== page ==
Effective communications and image- and brand-building – Building brand recognition unique to a business is vital and, when all else is working well, augments reputation. A good story is easier to tell than one with flaws, but every savvy board knows that some companies are better at telling their stories than others. Therefore, directors need to understand management’s image- and brand-building game plan and how significant changes to that plan could present a significant risk to the company’s reputation.
Strong corporate values, supported by appropriate performance incentives – The notion that, if tone at the top is good, the organization’s culture must be good, doesn’t always hold. Lower-level employees often pay more attention to the messaging and behavior of their supervisory middle managers than to communications from the organization’s leaders. Boards need to ensure that executive management implements a strong tone at the top, effective escalation processes, and periodic assessments of the tone in the middle and at the bottom. Directors need to ensure that management is paying attention to warning signs posted by independent risk management functions and in audit reports: failure to give these warning signs adequate attention on a timely basis reflects on the tone set by executive management. For example, the executive leadership of Barings ignored warnings from internal audit of the consequences of the lack of segregation of duties in its Singapore operations because those operations were making the bank a lot of money. Ultimately, the hidden trading losses took down the institution.
Positive culture regarding compliance with laws, regulations and internal policies – Few incidents undermine reputation more than serious, highly publicized compliance violations. Directors should ascertain that effective internal controls – including monitoring processes and robust training of employees – over compliance matters are implemented and executive management: “walks the talk” with respect to compliance; periodically conducts a comprehensive risk assessment; refreshes the compliance program for changes arising from new regulatory developments; and understands the players and third-party agents in countries in which the organization does business and monitors their dealings closely.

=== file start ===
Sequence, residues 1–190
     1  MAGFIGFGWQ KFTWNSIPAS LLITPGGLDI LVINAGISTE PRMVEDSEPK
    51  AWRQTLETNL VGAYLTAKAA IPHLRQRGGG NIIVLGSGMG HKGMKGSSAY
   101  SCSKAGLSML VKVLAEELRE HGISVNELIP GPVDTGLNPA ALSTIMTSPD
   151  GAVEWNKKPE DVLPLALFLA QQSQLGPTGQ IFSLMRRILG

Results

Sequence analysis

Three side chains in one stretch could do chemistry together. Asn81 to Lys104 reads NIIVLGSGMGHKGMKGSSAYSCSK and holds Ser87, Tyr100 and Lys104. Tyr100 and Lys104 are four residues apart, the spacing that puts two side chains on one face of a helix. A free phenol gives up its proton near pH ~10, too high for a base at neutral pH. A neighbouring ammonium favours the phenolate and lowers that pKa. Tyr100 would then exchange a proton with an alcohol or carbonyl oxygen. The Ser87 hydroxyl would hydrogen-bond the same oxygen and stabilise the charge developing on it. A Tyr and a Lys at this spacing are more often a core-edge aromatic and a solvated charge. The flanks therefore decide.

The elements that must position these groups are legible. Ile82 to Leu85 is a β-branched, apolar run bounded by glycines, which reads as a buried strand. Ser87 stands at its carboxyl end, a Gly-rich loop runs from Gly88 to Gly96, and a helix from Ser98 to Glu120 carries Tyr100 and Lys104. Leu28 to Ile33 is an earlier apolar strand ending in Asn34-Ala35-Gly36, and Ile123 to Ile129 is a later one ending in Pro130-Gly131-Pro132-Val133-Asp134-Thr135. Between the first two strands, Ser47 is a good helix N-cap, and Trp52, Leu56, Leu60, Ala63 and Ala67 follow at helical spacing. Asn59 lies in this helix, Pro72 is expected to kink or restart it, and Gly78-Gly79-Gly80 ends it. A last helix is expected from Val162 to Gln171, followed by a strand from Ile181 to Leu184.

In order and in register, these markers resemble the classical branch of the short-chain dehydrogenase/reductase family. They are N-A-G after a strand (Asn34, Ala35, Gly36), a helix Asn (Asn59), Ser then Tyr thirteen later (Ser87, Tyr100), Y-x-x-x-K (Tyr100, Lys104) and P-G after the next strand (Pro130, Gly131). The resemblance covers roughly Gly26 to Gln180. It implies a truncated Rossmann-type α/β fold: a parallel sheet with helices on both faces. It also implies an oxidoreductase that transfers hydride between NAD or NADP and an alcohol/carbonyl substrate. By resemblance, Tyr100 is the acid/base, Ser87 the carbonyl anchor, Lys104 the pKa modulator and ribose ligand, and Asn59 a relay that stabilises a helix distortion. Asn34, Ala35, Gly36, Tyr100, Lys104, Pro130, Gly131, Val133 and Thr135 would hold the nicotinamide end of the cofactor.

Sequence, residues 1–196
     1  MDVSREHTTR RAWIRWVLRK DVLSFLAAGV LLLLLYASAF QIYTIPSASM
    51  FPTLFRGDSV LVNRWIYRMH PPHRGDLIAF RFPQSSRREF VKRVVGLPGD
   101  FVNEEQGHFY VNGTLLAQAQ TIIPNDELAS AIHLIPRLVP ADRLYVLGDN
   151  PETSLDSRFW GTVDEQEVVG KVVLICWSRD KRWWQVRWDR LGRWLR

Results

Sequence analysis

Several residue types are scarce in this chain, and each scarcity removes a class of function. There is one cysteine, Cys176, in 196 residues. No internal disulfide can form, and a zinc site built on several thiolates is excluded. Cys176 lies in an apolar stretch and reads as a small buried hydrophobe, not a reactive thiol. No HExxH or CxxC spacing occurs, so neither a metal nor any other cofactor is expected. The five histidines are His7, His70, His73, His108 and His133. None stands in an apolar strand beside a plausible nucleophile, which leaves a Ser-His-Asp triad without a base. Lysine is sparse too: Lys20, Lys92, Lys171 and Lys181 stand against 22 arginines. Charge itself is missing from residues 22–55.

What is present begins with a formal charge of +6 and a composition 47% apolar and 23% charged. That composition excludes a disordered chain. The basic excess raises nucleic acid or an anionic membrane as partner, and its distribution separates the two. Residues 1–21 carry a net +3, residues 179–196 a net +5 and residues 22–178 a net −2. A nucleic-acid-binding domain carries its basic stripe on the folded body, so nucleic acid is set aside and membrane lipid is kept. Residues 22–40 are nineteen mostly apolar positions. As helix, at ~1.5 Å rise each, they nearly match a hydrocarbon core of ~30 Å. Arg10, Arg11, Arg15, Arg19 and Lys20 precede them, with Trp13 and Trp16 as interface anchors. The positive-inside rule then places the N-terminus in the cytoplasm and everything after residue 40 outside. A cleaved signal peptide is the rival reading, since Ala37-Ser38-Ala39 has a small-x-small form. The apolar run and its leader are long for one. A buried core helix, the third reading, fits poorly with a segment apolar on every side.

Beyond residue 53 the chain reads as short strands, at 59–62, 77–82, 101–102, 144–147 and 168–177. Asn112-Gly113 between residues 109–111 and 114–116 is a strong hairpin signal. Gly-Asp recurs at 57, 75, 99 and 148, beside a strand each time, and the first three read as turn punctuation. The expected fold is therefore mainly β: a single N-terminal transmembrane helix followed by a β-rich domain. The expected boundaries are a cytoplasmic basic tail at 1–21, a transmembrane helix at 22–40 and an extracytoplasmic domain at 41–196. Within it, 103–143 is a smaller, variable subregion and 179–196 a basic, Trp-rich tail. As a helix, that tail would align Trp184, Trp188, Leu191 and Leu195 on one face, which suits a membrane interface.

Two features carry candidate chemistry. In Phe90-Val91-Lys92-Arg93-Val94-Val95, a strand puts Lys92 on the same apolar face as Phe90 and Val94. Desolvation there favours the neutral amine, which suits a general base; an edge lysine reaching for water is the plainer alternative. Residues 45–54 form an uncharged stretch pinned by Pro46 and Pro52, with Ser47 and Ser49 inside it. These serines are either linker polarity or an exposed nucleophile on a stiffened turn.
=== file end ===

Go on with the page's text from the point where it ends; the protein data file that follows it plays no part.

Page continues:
Priority focus on positive interactions with stakeholders – The board should ensure that there is a passionate focus on improving stakeholder experiences. These are the accumulation of day-to-day interactions that customers, employees, suppliers, regulators, shareholders, lenders, and other stakeholders have with a company as a result of its business operations, branding, and marketing. These interactions constitute moments of truth that, if internalized and acted upon, provide a powerful driving force for improving and sustaining reputation.
Quality public reporting – The markets take quality public reporting at face value. Once a company loses the public’s confidence in its reporting, it’s tough to earn it back. These points suggest that a strong audit committee is an imperative.
Strong control environment – A critical component of internal control, the control environment lays the foundation for achieving operational, compliance and reporting objectives. In addition to the board’s oversight and the organization’s commitment to integrity and ethical values, as mentioned above, the control environment consists of: the organizational structure and assignment of authority and responsibility; the processes for attracting, developing and retaining appropriate talent; and the rigor around setting the appropriate performance measures, incentives and rewards that drive accountability for desired results. Embarrassing control breakdowns can tarnish reputation; therefore, boards should demand a strong control environment.
Company performance relative to competitors – Market recognition of success is a huge validation of a company and its management team. Recognition of differentiating strategies, distinctive products and brands, proprietary systems, and innovative processes are intrinsic sources of value that can translate into superior quality, time, cost, and innovation performance relative to the company’s competitors. However, significant performance gaps can diminish reputation if not addressed in a timely manner. These factors should weigh heavily on a board’s evaluation of company performance over time.
World-class response to a high-profile crisis – Sooner or later, every company is tested. No company is immune to a crisis. As a crisis event is a severe manifestation of risk, crisis management preparation is a natural follow-on to risk assessment, particularly for high-impact risks with high velocity, high persistence, and low response readiness. The board should ensure that the risk assessment process is designed to identify areas where preparedness and a response team are needed. Fires cannot be fought by committee.
While a one-size-fits-all approach does not exist, the 10 keys listed above offer boards a framework for focusing on whether executive management is focused on the appropriate fundamentals for enhancing and preserving the enterprise’s reputation.
Jim DeLoach is managing director with Protiviti, a global consulting firm.